Dating in japan times
Parents sometimes staged an arranged marriage to legitimize a "love match," but many others resulted in separation and sometimes suicide. A proposal by Baron Hozumi, who had studied abroad, that the absence of love be made a grounds for divorce failed to pass during debates on the Meiji Civil Code of 1898.
Marriage, like other social institutions of this period, emphasized the subordinate inferiority of women to men.
Aristocratic wives could remain in their fathers' house, and the husband would recognize paternity with the formal presentation of a gift.
Traditionally, marriages were categorized into two types according to the method of finding a partner—omiai, meaning arranged or resulting from an arranged introduction, and ren'ai, in which the husband and wife met and decided to marry on their own—although the distinction has grown less meaningful over postwar decades as western ideas of love alter Japanese perceptions of marriage.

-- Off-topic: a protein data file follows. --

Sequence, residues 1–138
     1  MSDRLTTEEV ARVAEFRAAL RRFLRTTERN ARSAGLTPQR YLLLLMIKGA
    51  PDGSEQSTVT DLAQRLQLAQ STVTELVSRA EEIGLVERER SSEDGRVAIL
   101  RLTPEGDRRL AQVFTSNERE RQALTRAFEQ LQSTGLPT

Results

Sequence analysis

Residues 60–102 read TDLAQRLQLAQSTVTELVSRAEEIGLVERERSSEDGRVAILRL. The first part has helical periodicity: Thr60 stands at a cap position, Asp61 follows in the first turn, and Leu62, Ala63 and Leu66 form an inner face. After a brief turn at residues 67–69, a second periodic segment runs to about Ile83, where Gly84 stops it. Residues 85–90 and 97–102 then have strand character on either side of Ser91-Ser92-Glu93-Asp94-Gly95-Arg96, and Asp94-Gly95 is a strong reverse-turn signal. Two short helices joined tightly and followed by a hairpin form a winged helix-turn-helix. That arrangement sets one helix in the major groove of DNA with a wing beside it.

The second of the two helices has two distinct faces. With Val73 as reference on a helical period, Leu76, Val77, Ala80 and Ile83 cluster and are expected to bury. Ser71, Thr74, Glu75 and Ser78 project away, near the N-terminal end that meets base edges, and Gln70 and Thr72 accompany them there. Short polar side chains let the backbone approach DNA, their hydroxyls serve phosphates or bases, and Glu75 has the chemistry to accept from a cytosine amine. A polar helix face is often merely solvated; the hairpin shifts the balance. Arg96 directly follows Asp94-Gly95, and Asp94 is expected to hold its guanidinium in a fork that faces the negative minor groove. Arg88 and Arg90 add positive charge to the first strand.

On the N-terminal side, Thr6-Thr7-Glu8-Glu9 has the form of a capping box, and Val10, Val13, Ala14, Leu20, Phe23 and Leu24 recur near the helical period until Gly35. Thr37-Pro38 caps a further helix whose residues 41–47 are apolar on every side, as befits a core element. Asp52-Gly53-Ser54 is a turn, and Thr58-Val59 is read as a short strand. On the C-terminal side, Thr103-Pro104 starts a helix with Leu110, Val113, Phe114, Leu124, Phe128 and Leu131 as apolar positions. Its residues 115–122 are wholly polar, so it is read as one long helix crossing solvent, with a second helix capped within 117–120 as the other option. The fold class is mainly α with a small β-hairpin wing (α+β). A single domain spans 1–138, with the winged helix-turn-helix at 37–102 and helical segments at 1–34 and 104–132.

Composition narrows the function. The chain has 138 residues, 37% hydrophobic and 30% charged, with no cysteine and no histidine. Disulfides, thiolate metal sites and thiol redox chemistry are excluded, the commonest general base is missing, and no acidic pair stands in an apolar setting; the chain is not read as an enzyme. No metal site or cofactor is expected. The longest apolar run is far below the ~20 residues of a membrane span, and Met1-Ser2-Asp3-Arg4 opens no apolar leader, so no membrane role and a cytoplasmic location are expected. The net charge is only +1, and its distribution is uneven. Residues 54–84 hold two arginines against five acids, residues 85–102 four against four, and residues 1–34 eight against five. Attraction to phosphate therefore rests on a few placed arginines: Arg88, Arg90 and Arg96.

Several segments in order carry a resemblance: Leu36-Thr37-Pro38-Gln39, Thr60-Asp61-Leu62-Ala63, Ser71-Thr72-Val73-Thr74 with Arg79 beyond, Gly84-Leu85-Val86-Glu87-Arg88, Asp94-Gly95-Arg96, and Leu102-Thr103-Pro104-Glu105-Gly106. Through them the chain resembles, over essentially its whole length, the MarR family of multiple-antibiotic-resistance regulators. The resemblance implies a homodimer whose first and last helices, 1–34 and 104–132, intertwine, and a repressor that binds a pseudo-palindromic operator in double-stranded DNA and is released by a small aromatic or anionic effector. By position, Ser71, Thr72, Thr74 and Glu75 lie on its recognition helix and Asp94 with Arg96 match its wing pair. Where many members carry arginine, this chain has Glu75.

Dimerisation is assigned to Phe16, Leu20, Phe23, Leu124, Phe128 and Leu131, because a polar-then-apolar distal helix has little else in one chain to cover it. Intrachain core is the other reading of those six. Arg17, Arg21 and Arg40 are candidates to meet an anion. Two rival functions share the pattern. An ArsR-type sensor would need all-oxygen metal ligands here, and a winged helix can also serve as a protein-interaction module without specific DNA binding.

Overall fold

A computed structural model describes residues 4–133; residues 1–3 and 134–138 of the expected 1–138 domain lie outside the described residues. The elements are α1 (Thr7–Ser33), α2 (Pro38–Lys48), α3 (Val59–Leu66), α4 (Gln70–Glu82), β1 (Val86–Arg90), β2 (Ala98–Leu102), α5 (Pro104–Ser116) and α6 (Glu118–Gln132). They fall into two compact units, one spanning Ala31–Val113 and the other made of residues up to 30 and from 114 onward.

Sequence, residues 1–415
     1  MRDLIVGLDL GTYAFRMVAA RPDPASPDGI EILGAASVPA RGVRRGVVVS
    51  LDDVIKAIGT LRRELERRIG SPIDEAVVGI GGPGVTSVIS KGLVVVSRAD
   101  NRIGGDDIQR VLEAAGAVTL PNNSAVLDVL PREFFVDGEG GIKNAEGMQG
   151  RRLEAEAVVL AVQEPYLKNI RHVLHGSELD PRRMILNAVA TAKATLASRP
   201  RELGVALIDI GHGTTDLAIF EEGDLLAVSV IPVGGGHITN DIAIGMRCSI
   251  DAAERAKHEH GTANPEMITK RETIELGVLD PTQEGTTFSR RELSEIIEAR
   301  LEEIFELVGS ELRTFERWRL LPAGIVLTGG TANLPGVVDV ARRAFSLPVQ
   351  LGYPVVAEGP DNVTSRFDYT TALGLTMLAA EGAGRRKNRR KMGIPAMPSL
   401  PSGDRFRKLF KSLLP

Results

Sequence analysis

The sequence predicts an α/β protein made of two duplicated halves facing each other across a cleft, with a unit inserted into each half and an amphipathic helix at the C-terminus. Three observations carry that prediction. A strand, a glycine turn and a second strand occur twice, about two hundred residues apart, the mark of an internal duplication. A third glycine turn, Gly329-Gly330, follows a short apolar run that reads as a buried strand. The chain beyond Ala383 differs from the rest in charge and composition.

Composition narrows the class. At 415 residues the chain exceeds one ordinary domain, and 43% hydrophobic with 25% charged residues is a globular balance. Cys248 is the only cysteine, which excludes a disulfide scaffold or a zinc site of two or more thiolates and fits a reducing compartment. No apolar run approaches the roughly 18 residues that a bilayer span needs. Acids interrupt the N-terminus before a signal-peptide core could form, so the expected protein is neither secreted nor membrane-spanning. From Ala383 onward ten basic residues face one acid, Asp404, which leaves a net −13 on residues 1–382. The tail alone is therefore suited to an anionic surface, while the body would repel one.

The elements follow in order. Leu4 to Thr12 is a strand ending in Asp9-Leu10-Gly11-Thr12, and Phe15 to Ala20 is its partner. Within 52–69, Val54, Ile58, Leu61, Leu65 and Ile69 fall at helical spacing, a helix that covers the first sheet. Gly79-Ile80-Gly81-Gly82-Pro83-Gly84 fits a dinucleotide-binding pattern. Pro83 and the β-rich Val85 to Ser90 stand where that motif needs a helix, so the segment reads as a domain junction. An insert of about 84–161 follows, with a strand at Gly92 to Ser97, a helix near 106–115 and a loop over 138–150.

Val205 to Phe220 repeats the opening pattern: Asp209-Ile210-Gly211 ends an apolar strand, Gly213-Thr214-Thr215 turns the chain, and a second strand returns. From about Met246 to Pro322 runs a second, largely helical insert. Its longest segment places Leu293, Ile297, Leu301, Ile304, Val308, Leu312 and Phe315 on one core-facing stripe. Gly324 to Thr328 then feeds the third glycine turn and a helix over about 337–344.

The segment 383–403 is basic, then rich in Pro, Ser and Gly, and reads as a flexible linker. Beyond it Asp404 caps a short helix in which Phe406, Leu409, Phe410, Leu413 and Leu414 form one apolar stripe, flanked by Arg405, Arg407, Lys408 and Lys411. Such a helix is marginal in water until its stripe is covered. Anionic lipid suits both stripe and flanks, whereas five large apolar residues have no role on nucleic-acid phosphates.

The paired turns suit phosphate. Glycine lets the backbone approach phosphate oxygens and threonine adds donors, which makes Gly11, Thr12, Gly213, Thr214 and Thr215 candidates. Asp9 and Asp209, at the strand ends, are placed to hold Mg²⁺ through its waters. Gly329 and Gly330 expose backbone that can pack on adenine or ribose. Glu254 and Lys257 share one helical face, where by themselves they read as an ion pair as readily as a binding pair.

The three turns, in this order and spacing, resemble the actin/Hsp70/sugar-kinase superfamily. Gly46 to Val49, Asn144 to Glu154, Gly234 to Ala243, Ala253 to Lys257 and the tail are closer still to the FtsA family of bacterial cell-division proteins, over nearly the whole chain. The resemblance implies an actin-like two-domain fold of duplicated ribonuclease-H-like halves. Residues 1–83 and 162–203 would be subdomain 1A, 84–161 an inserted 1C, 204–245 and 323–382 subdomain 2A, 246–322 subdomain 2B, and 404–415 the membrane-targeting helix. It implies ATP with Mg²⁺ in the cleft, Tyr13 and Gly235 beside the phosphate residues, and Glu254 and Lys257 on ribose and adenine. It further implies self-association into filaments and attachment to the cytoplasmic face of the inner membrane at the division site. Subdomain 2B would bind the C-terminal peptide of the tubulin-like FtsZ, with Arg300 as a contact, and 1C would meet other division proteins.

Approximately one-in-five marriages in pre-modern Japan occurred between households that were already related.
Outcast communities such as the Burakumin could not marry outside of their caste, and marriage discrimination continued even after an 1871 edict abolished the caste system, well into the twentieth century.
Public education became almost universal between 1872 and the early 1900s, and schools stressed the traditional concept of filial piety, first toward the nation, second toward the household, and last of all toward a person's own private interests.
Marriage under the Meiji Civil Code required the permission of the head of a household (Article 750) and of the parents for men under 30 and women under 25 (Article 772)., although some would meet for the first time at the wedding ceremony.
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Boys and girls were separated in schools, in cinemas, and at social gatherings.